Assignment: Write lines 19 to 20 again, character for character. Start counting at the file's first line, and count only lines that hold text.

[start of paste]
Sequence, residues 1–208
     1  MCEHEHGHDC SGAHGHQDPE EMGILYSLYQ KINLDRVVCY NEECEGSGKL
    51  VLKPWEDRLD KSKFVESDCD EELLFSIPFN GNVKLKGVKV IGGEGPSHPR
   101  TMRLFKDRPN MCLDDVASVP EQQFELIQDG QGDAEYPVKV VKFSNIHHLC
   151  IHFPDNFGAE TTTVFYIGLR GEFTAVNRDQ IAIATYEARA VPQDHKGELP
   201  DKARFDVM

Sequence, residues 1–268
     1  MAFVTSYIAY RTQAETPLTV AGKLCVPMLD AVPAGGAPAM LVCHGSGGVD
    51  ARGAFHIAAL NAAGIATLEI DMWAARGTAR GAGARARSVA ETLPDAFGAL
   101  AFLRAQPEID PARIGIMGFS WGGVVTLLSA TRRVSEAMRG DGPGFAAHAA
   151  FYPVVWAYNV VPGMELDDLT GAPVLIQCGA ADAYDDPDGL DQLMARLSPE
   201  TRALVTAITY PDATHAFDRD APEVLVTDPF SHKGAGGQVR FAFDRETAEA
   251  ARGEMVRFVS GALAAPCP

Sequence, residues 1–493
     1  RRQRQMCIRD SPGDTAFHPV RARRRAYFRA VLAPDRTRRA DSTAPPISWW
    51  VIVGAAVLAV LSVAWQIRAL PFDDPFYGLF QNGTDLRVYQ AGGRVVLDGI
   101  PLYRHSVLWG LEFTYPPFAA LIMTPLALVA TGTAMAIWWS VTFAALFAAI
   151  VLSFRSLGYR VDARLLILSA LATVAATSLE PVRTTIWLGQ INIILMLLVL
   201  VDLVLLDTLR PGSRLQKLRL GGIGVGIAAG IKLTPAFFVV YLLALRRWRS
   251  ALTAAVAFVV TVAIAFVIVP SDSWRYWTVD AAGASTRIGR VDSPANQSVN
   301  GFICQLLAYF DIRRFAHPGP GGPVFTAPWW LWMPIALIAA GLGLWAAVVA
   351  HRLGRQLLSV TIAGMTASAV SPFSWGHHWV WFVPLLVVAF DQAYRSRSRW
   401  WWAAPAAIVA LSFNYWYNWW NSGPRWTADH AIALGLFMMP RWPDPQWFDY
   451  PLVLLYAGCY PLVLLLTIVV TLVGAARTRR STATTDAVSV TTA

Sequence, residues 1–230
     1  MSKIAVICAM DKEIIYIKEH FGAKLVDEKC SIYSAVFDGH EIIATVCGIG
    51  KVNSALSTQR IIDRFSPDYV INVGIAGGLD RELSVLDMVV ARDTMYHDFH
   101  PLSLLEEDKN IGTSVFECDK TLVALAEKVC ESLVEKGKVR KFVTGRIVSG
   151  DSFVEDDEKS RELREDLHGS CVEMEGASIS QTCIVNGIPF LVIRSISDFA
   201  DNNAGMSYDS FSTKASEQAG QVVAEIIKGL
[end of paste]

   201  VDLVLLDTLR PGSRLQKLRL GGIGVGIAAG IKLTPAFFVV YLLALRRWRS
   251  ALTAAVAFVV TVAIAFVIVP SDSWRYWTVD AAGASTRIGR VDSPANQSVN